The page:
Virunga Park Rangers released a touching selfie recently, featuring two of the mountain gorillas who have spent their lives in the care of these selfless men.
The photo shows two mature gorillas casually standing upright alongside their guardians on the edge of a forested area.
While the image is comical, the story behind it is far more troubling. The animals live at the Senkwekwe Sanctuary within Virunga National Park, which is located in the Democratic Republic of Congo (DRC).
These gorillas ended up here after losing their families at the hands of poachers when they were only two and four months old, respectively.
Wild gorillas don’t commonly stand upright, but Innocent Mburanumwe, deputy director of Virunga, told BBC Newsday they had copied the posture from their carers.
“They are imitating the humans,” said Mr. Mburanumwe. “It doesn’t happen normally. I was very surprised to see it… so it’s very funny. It’s very curious to see how a gorilla can imitate a human and stand up.”
Senkwekwe Sanctuary is the only center in the world looking after orphaned mountain gorillas. It is named after a gorgeous silverback male who was brutally murdered along with three other members of his family in 2007, making headlines worldwide.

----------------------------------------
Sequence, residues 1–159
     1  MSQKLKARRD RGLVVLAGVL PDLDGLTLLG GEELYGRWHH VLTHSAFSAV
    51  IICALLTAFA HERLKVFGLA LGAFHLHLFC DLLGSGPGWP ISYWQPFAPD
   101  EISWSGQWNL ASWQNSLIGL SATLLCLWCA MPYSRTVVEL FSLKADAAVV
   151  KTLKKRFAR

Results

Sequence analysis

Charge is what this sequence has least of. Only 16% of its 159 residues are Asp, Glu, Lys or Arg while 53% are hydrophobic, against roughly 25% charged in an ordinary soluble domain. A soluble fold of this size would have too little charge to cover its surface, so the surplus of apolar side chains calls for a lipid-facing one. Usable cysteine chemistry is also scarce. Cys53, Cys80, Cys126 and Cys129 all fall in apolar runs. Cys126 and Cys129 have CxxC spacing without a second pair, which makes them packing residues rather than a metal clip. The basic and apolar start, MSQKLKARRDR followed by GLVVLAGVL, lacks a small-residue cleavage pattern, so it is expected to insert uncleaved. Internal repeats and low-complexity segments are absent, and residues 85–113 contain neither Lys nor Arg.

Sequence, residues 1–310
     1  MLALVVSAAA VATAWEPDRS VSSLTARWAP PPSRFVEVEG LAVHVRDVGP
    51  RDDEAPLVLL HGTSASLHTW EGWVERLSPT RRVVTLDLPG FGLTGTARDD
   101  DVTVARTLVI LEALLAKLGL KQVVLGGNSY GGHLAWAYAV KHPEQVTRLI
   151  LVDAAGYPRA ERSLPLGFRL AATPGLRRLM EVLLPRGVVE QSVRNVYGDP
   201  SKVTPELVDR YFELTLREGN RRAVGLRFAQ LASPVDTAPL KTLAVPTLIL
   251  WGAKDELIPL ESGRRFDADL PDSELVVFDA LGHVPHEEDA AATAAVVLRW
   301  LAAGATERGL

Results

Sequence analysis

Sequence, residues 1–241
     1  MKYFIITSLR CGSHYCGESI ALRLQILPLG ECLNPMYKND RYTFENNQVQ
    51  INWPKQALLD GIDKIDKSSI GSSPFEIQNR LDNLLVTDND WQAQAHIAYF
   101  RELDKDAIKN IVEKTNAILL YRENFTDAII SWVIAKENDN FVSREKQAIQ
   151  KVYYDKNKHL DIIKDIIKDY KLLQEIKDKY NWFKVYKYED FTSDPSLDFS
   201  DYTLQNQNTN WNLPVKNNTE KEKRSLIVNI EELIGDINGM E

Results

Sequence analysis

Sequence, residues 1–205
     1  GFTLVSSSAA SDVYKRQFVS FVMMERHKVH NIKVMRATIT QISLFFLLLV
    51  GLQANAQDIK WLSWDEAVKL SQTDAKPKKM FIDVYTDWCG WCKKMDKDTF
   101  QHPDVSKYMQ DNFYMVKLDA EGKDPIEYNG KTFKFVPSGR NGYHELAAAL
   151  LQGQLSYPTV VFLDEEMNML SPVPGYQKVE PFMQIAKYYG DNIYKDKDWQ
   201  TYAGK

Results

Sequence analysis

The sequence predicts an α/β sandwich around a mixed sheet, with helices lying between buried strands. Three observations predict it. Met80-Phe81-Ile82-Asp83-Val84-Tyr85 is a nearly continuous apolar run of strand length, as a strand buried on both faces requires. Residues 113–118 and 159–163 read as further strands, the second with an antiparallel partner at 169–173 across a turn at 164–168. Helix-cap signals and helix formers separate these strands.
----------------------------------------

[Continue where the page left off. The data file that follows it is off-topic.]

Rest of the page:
Only around 1000 mountain gorillas remain in the world, and one-third of them are in Virunga.
Virunga is the oldest national park in Africa. It is the continent’s most biologically diverse protected area, but has long faced conflict, war, and violence due to its position on the border of the DRC.
Roughly 600 park rangers protect the park and its inhabitants, which include elephants, hippos, lions, chimpanzees, mountain gorillas, and eastern lowland gorillas — along with more than 700 bird species and a huge variety of reptiles, insects, and plants.
But it’s a dangerous job. Every day, these brave men and women put their lives on the line. So far this year, two rangers have lost their lives, bringing the total number of ranger deaths in the park to 177.